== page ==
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Ruben and Elena picking litter for 100 Acts of Kindness

Kindness is one of the most important qualities we can have and something we desperately need more of in the world today. Our young ambassadors, Ruben and Elena Evans-Guillen, have completed another fantastic challenge by carrying out 100 Acts of Kindness in their community and raising £1,500 for MedEquip4Kids.

The 10-year-old twins from Warrington were featured in the local press for their impressive 100 Acts, which ranged from litter picking to donating to charities, food banks and animal shelters. The 100 Acts of Kindness challenge was part of the twins’ campaign to “Be a Good Egg for the NHS”, so it was fitting that their final 100th Act of Kindness involved donating 360 freshly laid free-range eggs to a homeless shelter in the centre of Warrington.

Ruben and Elena’s dad Mark has put together a full list with photographs of all the 100 Acts of Kindness the twins carried out: Ruben Elena Be A Good Egg Charity Campaign 2021

The funds raised will go towards providing a telemetry unit for the birth centre at Warrington Hospital. A telemetry unit is a wireless heart monitor which helps keep mum and baby safe during labour and birth, and will  improve healthcare for the local community. We’re still raising funds for the unit, so if you can help us, please donate through our website.  Thank you.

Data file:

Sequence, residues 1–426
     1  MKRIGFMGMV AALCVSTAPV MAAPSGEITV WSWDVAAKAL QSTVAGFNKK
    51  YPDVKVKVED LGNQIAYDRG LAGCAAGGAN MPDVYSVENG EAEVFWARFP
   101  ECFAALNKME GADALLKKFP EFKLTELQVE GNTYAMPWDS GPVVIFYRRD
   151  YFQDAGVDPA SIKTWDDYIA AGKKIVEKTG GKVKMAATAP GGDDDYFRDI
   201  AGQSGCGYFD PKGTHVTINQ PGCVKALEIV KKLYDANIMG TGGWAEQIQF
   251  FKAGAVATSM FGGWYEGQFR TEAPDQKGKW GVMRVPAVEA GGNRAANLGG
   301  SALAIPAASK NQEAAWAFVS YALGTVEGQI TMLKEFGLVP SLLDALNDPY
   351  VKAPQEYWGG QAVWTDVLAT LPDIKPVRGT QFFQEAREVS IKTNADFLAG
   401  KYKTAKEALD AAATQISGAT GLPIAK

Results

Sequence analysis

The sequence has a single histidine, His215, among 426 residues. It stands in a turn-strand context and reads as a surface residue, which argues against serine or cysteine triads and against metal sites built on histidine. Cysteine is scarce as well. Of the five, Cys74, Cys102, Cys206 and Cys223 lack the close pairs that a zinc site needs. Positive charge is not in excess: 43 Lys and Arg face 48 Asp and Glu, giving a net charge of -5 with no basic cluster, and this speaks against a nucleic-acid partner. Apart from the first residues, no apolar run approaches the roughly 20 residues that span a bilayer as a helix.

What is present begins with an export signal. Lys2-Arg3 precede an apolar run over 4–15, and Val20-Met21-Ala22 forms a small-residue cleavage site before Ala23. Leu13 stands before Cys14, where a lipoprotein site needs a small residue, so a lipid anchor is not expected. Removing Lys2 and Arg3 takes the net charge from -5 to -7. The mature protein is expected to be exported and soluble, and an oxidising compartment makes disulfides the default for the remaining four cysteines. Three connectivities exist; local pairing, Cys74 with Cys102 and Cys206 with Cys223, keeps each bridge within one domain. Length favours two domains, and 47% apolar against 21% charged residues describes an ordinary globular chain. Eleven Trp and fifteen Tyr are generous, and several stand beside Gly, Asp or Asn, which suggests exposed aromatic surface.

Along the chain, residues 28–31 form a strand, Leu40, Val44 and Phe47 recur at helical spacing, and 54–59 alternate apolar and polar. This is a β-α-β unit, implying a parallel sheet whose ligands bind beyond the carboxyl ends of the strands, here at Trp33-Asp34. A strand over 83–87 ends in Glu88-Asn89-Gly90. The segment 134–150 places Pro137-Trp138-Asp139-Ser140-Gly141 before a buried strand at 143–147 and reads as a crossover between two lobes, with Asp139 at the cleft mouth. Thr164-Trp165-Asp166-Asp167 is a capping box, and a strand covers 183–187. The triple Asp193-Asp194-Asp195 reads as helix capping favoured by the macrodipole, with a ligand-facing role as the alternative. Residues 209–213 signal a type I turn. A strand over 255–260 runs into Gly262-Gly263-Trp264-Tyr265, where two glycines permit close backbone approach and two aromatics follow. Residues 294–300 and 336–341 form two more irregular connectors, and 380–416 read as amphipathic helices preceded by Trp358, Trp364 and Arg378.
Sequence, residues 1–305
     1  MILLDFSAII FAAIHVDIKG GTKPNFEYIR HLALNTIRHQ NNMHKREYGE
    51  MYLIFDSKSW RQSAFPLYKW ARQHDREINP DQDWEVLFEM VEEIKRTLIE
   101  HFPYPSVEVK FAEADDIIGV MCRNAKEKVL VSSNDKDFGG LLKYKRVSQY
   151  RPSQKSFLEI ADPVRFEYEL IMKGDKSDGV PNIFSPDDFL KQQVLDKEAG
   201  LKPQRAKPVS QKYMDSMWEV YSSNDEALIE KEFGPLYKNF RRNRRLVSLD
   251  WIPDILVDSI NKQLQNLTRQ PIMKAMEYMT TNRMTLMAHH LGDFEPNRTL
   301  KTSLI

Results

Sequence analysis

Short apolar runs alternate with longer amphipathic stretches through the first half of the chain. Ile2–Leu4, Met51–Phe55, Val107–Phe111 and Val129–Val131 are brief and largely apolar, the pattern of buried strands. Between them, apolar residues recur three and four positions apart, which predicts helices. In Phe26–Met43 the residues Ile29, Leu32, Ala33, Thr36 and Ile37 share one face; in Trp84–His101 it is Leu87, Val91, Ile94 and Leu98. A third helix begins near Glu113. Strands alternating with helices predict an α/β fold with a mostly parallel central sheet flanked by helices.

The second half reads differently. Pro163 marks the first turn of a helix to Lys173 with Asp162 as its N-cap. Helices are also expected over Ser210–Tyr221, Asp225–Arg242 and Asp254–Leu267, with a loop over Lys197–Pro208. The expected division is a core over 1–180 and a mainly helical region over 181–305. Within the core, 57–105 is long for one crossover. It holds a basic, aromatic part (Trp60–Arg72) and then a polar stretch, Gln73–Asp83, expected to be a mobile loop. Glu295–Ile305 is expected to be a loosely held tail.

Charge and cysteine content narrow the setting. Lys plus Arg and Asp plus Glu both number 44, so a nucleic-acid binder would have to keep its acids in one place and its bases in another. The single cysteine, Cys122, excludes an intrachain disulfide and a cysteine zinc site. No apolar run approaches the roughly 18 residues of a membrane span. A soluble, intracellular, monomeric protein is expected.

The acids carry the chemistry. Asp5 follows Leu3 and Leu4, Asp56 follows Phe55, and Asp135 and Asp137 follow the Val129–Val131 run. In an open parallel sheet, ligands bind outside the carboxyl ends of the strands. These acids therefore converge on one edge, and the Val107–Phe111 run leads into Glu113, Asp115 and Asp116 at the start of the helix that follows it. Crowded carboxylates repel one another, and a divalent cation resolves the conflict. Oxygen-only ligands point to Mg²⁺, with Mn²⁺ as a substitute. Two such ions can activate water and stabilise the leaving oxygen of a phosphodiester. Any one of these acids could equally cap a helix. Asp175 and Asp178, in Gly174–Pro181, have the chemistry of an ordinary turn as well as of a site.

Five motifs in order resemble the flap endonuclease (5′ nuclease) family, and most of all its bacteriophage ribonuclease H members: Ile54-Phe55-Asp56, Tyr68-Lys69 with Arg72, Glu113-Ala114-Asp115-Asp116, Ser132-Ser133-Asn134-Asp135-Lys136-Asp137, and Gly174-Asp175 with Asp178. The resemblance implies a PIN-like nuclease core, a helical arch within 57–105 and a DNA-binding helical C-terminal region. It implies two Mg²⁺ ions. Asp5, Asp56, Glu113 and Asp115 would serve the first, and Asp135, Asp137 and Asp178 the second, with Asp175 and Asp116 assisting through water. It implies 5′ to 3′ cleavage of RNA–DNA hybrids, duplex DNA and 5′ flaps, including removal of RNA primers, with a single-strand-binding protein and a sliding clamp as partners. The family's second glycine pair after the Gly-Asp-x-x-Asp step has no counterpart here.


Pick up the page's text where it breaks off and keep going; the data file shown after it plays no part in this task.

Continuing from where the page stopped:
Random Acts of Kindness are also one of the activities in our Hummingbird Project, a six-week course for schools that helps to improve happiness and wellbeing. Pupils taking part in the course record their acts of kindness, which could be giving a friend or family member a nice compliment, volunteering for a charity, or helping out a person or animal in need.

The great thing about kindness is that it’s good for everyone.  As well as benefiting those you support, being kind can help you to feel happier and more connected too. You can find out more about the health benefits of kindness here.

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“The team are really appreciative of the AccuVein AV400  as it now ensures staff can always wear gloves when trying to feel for veins that have previously been difficult to palpate, which given the current pandemic is even more essential.”

Donna Pooley
Nurse Manager
Sheffield Children’s Hospital

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